look like?

Answer on page 85.

•••

Which die is unlike the other three?

~

r;~

••

~;}I

•• ~

Answer on pages 85-86.

•••

Thirty-two soccer teams enter a statewide competi-

tion. The teams are paired randomly in each round.

The winning team advances to the next round. Losers

are eliminated. How many matches must be played in

order to crown one winner?

Answer on page 86.

48

-_ .. __ .. _---- ---------~

Competiitg Clicks

......

Let the Mouse Click Competition Begin!

Emily can click a mouse ten tim_es in 10 seconds.

Buzzy can click a mouse twenty times in 20 seconds.

Anthony can click a mouse five times in 5 seconds.

Assume that the timing period begins with the first

mouse click and ends with the final click. Which one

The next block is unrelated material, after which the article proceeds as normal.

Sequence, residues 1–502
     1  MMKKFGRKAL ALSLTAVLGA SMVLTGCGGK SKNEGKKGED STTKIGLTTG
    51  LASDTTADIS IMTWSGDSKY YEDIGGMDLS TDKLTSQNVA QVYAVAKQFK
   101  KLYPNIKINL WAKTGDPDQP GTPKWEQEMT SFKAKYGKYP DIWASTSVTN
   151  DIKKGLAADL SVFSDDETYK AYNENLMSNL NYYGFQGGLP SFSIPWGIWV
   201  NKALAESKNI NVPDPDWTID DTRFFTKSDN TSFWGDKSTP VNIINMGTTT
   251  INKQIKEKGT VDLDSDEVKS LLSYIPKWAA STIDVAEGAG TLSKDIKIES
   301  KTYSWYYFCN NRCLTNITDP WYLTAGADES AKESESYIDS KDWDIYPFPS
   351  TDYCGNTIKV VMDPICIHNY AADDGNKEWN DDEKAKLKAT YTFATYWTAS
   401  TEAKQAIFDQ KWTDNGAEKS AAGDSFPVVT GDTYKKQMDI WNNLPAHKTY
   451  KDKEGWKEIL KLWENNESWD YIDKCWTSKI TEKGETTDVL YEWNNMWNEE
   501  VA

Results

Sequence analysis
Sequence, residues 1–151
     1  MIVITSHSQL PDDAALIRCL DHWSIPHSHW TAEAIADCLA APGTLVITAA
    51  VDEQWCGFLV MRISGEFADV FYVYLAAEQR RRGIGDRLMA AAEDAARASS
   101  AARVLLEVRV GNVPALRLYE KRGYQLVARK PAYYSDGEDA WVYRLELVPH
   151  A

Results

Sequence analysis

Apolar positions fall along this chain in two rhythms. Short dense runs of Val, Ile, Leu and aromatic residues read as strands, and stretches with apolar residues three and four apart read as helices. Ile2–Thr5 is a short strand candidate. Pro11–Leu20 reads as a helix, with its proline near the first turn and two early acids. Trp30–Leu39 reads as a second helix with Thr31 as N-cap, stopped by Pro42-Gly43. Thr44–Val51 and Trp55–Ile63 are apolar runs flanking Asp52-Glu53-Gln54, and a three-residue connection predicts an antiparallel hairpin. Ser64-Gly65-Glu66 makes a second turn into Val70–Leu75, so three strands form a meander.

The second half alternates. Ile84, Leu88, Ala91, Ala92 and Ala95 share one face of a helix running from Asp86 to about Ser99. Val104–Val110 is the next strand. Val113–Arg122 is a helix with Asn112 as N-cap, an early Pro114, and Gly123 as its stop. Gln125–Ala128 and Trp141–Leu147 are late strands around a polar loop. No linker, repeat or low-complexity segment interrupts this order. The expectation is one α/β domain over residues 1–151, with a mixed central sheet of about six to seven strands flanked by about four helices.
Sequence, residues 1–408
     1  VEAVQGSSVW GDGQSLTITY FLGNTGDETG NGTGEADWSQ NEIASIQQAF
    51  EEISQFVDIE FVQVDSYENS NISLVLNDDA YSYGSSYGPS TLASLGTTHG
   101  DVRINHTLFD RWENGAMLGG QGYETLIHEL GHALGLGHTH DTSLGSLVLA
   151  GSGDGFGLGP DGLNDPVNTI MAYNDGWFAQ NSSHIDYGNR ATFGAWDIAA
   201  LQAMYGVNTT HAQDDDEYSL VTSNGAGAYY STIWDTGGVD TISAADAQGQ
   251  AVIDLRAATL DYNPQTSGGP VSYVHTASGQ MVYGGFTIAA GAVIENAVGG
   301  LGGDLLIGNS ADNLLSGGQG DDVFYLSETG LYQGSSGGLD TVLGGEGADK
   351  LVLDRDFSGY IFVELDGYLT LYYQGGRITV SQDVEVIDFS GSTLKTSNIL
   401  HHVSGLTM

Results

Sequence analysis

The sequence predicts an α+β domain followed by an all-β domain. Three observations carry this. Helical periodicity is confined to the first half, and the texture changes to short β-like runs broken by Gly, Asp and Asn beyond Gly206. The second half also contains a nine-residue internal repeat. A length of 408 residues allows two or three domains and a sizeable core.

of these computer users would be the first to com-

plete forty clicks?

\\ ~olb ft~Ge RIf IN <:) PE et>

tllCl(It-lG Got~ To ...

llATtotJ~L

MOOS~

BEE

49

Another Pattern

•••

Here is another mathematical pattern that relates the

four numbers of each triangle. Can you uncover the

pattern and use it to complete the third triangle?

10 5 ?

ViveleFiag

•••

The French tricolor flag is made up of three vertical

stripes: red, white, and blue. Suppose you are given

four different colors of fabric and asked to create a

different flag using the same tricolor design. If no two

adjacent stripes can be the same color, how many dif-

ferent combinations of color patterns are there?

HINT: Don't forget that the flag pattern can be

flipped over!

Answer on page 87.

50

pjzza Cut

•••

Five people want to share a square pizza. The first

person (who is really hungry) removes a quarter of

the pie. When the others find out, they are annoyed

and try to divide the remaining three-fourths into

four equal and identically shaped slices. The cuts

must be straight. How must they cut the remaining

pizza in order to produce four identical slices?

51

Slip Sliding

+++

For this challenge, you'll need to get seven coins.